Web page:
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Congressmen See Conditions of Mexican Workers for Foreign Firms With AM-Stemming The Tide, Bjt

October 11, 1993

TIJUANA, Mexico (AP) _ Six U.S. congressmen, most of them opponents of the North American Free Trade Agreement, weren’t pleased by their firsthand look at how employees of foreign companies live in this border city.

″It’s one thing to be aware of the squalid conditions from reading,″ Rep. Bernie Sanders, I-Vt., said Saturday as he walked a dusty, unpaved street. ″It’s another thing to see people living in these kind of huts.″

The six members of the House Government Operations Committee listened to a handful of the 70,000 people who work in the city’s 620 foreign-owned plants, or ″maquiladoras.″

Supporters of NAFTA say it will help curb the flow of workers to the United States by luring investment to Mexico, opening foreign markets and creating jobs at home.

The factory workers live in wood and cardboard homes without running water and indoor plumbing. The workers complained of government indifference and a lack of support from their labor unions.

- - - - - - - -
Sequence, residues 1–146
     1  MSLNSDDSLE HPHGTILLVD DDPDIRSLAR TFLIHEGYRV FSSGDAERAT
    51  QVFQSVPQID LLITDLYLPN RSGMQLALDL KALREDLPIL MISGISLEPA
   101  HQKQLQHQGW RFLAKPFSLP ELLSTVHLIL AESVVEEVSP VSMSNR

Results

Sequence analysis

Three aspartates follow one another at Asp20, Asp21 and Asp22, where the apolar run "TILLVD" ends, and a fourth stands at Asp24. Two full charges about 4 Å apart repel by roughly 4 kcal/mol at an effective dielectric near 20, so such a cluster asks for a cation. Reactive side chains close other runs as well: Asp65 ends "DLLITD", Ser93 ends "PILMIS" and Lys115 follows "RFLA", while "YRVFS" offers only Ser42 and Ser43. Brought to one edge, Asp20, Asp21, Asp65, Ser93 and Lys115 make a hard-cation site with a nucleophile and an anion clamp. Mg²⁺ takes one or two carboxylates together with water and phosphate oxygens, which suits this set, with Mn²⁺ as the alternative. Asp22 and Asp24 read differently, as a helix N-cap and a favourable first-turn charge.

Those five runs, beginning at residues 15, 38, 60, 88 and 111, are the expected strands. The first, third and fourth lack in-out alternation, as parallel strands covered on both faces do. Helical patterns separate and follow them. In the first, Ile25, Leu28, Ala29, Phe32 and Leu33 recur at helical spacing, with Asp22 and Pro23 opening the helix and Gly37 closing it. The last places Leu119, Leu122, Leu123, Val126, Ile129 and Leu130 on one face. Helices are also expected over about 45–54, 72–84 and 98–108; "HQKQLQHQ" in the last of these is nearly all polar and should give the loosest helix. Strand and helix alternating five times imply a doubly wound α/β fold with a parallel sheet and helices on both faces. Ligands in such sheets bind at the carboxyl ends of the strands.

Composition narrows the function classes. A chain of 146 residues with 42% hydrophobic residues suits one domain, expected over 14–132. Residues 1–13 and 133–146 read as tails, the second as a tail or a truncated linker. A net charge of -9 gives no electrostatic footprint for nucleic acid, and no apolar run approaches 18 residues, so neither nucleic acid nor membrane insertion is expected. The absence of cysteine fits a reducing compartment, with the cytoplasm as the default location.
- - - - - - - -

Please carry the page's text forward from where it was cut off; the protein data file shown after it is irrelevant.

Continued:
″There’s a lot of pressure on us at work,″ said Baltazar Carranza. ″They require a lot of conditions and the pay is very low. ... There are few benefits.″

The congressmen, four of them NAFTA opponents, began their four-day tour Friday in Mexico City, meeting with President Carlos Salinas de Gortari, and toured parts of Tijuana on Saturday.

″This visit leaves a very different impression from my meeting with (Mexican) government officials. Here’s the real world, and I don’t find people living in conditions that we would want them to live in,″ said Rep. John Conyers Jr., D-Mich., chairman of the committee and a NAFTA opponent.

The delegation also included Reps. Gary Condit, D-Calif; Al McCandless, R- Calif.; Collin Peterson, D-Minn., and William Zeliff Jr., R-N.H.

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